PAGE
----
The AS900 program has accumulated more than 18,000 hr of test operation, and Honeywell expects to accumulate more than 20,000 test hours by the time the engine enters service next year. In addition to the flight testing at Bombardier, Honeywell has flight tested the engine on its Boeing 720 flying testbed.
Earlier this spring the AS907 passed bird ingestion, blade out and the 150-hr endurance tests. Honeywell said that in each of the key FAA tests the engine demonstrated its “robust power capability and design integrity.”

Disassembly and examinations after each test validated the AS907’s “simple design,” which includes compressor blisk manufacturing technologies and two-bearing sump layout, the company said. Under the new bird-ingestion standards, the engine must ingest the bird and still perform engine-out, go-around, power-up and power-down, Redenbaugh pointed out.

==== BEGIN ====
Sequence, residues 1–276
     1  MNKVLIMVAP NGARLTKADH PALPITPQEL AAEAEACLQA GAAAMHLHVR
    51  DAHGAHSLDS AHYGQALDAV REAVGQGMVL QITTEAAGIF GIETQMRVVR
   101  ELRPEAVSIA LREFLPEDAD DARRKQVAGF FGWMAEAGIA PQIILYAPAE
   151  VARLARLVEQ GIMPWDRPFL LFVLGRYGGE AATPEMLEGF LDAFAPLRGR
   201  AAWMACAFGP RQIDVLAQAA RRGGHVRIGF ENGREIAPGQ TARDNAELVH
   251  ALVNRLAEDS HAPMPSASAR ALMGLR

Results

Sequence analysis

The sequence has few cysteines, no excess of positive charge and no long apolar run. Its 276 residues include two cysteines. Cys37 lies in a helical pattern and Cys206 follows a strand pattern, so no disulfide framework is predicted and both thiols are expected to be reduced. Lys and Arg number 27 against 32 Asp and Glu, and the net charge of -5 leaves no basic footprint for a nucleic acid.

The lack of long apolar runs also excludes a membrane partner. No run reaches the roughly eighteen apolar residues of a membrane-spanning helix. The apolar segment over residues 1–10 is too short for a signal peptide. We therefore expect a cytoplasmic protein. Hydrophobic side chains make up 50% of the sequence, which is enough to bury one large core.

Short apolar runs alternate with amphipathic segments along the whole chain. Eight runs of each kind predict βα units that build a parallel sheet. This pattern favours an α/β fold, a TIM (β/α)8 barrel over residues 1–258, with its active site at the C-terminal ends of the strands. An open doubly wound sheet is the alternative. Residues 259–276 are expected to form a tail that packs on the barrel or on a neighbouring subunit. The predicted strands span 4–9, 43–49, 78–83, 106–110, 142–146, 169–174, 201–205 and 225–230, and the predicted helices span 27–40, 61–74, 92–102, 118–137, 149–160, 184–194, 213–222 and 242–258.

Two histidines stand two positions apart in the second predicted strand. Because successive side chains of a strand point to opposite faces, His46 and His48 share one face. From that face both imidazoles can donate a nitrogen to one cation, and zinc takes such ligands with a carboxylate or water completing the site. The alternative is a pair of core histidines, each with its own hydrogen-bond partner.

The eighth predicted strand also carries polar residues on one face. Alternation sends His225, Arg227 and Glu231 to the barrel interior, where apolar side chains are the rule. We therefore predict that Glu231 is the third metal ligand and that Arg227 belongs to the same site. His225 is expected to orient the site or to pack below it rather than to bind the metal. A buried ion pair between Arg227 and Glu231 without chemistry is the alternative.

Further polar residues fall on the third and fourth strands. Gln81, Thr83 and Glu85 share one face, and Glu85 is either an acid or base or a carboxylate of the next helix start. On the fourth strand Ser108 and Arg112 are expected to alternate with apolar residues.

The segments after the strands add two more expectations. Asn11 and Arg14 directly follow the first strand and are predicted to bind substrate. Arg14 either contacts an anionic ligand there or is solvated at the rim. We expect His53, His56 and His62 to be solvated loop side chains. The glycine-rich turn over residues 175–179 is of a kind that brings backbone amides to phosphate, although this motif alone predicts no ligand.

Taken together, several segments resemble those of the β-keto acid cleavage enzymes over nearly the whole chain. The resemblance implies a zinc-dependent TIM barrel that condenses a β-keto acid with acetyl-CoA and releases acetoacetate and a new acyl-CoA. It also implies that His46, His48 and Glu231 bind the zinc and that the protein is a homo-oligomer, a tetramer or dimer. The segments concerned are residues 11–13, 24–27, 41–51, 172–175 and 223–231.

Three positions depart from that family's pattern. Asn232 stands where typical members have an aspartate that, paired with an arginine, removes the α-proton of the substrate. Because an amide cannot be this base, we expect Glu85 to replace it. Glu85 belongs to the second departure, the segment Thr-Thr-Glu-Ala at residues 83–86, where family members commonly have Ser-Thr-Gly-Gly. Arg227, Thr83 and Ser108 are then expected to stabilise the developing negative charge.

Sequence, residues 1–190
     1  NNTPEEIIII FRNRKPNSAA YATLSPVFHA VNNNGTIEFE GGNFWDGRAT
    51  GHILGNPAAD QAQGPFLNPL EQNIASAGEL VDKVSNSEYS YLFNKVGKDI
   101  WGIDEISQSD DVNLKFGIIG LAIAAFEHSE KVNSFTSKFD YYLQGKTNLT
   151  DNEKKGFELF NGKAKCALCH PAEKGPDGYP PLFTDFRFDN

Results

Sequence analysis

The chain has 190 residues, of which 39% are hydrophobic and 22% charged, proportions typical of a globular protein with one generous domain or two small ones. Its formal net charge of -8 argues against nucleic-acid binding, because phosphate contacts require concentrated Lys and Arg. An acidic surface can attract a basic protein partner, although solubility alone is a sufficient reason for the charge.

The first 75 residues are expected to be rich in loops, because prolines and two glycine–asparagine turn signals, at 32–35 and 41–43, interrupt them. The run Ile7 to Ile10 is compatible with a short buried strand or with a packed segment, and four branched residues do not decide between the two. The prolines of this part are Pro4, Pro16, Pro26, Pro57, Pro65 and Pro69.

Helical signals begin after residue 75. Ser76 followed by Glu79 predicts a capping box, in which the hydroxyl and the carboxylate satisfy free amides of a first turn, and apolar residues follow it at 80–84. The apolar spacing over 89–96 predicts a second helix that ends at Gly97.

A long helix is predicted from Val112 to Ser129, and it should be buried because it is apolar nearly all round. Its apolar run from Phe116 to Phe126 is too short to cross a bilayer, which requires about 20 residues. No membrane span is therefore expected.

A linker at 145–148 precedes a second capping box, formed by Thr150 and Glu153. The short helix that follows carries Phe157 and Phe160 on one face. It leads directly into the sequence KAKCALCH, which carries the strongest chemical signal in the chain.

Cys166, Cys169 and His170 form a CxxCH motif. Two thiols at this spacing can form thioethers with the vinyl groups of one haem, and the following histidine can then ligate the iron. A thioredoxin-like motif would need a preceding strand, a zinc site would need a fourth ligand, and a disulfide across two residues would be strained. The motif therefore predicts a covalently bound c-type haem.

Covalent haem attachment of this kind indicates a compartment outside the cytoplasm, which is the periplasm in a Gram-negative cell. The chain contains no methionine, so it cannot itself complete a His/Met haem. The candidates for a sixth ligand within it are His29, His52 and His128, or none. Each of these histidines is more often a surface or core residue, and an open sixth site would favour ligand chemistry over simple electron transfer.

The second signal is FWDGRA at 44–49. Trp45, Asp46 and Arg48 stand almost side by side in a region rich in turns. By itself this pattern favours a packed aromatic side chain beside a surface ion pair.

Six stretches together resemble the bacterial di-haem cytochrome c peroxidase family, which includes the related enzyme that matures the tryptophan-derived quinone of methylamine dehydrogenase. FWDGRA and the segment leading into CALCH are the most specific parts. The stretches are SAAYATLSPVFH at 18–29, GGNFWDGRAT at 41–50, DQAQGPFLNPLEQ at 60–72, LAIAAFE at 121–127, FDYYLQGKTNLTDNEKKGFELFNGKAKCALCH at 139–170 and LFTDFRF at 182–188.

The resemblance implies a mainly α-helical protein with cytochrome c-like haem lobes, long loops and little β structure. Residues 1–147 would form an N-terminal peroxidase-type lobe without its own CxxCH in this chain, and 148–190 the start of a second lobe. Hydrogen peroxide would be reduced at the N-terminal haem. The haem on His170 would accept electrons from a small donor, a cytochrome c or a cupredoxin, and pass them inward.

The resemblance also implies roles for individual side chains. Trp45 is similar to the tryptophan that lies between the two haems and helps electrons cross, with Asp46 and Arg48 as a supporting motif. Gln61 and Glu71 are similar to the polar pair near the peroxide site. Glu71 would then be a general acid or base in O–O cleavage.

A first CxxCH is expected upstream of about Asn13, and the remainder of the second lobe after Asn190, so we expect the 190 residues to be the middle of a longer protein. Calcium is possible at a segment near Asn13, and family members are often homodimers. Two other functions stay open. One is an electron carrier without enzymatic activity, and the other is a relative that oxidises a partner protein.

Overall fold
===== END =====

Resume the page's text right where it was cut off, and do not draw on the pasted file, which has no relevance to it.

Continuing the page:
“We have 18 AS907 engines in test, and an additional 10 engines are in flight test at Bombardier, where they have accumulated more than 675 aircraft flight test hours–
or 1,350 engine flight test hours–on the Bombardier Continental,” said Redenbaugh.

Honeywell will begin building the first production AS907 engines next month, with deliveries to Bombardier planned in December. By 2004, the first full year of production, it expects to be churning out 60 engines a year. Bombardier has firm orders for 125 Continentals, including 25 from its Flexjet fractional operation.

Wilson said the company is also looking at applications outside the business jet community, such as unmanned aerial vehicles (UAVs). He also revealed there is “emerging discussion” with Japan and other countries about a twin-engine regional jet carrying about 30 passengers. He said the now-defunct Avro RJX program already proved that the design was deemed capable of meeting the rigors of regional service.